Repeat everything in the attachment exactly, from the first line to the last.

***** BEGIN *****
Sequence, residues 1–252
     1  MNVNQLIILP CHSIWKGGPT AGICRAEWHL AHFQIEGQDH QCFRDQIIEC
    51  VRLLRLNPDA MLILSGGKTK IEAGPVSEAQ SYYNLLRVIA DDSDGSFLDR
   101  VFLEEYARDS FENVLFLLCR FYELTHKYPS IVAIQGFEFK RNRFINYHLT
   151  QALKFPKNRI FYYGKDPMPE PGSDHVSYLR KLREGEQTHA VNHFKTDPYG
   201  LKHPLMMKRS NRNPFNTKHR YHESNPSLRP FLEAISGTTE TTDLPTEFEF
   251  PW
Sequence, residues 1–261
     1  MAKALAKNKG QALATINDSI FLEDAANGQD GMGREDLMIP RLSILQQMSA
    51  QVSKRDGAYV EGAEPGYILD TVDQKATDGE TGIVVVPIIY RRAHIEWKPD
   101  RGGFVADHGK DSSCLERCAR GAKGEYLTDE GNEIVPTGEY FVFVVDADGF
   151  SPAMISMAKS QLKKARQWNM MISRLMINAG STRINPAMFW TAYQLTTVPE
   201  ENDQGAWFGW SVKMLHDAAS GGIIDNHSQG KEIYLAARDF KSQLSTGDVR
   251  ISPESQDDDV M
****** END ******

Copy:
Sequence, residues 1–252
     1  MNVNQLIILP CHSIWKGGPT AGICRAEWHL AHFQIEGQDH QCFRDQIIEC
    51  VRLLRLNPDA MLILSGGKTK IEAGPVSEAQ SYYNLLRVIA DDSDGSFLDR
   101  VFLEEYARDS FENVLFLLCR FYELTHKYPS IVAIQGFEFK RNRFINYHLT
   151  QALKFPKNRI FYYGKDPMPE PGSDHVSYLR KLREGEQTHA VNHFKTDPYG
   201  LKHPLMMKRS NRNPFNTKHR YHESNPSLRP FLEAISGTTE TTDLPTEFEF
   251  PW
Sequence, residues 1–261
     1  MAKALAKNKG QALATINDSI FLEDAANGQD GMGREDLMIP RLSILQQMSA
    51  QVSKRDGAYV EGAEPGYILD TVDQKATDGE TGIVVVPIIY RRAHIEWKPD
   101  RGGFVADHGK DSSCLERCAR GAKGEYLTDE GNEIVPTGEY FVFVVDADGF
   151  SPAMISMAKS QLKKARQWNM MISRLMINAG STRINPAMFW TAYQLTTVPE
   201  ENDQGAWFGW SVKMLHDAAS GGIIDNHSQG KEIYLAARDF KSQLSTGDVR
   251  ISPESQDDDV M